The Boys - and Girls - of Summer

Trinity rarely sleeps. Although our resident students are gone for the year, other groups and programs continue or begin as the year draws to its end.

This week, the campus is covered with a younger and (even) more diverse group than usual. Trinity has been running Summer Schools for High-School age students for some years, focussing on Science and on Creative Thinking. These two have now been combined into a “Young Leaders” program which adds Leadership Development to the two existing streams. So in these first two weeks of December we have 168 students, along with mentors and instructors, engaging in an intense, and intensely enjoyable, program at the College.

Most of the Young Leaders come from overseas; we have targeted the program carefully in the countries where we recruit for Foundation Studies, as well as on the subcontinent, which is not a large Foundation Studies market but where students are eager to take up the Summer School experience.

Remarkably however we also have, among the Australians taking part, 22 young indigenous students. They come from metropolitan areas, regional towns and far-flung communities; from most states and the NT; from strong educational environments where many students continue to post-secondary education, and from small poorly-resourced schools where staying until the end of Year 9 is a victory. Some are from communities and institutions where we have been building networks over the years; from Minyerri in south-east Arnhem Land, where resident students and staff have visited over a number of years to learn and share experiences, or from Nightcliff in the suburbs of Darwin, where Trinity has built links with Nungalinya College working with teenagers through Drama.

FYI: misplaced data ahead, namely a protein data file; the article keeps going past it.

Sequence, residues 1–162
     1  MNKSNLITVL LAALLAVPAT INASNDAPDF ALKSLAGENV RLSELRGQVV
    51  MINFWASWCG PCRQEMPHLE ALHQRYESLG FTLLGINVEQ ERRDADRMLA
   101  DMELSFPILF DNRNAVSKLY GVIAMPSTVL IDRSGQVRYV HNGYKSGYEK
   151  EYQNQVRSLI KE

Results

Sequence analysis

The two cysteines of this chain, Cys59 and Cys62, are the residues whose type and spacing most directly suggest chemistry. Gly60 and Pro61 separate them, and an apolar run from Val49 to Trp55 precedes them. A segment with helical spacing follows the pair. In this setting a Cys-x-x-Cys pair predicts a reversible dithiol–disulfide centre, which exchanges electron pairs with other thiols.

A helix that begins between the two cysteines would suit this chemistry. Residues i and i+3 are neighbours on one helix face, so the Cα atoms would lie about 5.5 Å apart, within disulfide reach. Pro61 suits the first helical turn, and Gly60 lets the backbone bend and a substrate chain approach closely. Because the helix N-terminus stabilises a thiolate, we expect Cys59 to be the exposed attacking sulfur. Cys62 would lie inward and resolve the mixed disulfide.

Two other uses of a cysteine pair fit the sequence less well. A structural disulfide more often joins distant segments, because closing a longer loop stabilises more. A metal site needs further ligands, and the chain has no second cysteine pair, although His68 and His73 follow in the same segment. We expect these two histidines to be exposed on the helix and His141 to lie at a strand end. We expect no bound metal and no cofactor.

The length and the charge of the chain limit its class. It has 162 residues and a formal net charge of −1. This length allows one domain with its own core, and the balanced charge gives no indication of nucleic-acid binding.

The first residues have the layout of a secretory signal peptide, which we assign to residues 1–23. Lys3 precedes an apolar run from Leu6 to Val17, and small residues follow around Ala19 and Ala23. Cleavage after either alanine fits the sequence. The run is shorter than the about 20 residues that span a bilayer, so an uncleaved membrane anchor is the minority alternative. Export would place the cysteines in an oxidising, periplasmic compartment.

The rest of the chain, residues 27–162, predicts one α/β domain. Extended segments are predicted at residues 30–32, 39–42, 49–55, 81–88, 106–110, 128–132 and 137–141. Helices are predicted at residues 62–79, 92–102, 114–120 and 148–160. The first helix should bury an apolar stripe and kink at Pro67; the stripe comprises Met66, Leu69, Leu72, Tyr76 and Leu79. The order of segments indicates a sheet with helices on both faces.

The Summer School is a great example of how Trinity is seeking to extend and give fresh expression to the Collegiate experience. Some of these students, Australian and international, will one day return to Melbourne for Foundation Studies and/or for University study. Others will proceed to University programs elsewhere. We hope that each of these groups will be enlarged by the intensive residential experience they are sharing now.

Summer School is a sort of microcosm of College life, a concentrated burst of the transformative experience that can come with studying and living in community, and from considering questions and problems beyond those related to a single discipline or set of skills. I understand from the program leaders that much work and much fun is being had, and maybe not a lot of sleep – but that’s Trinity.

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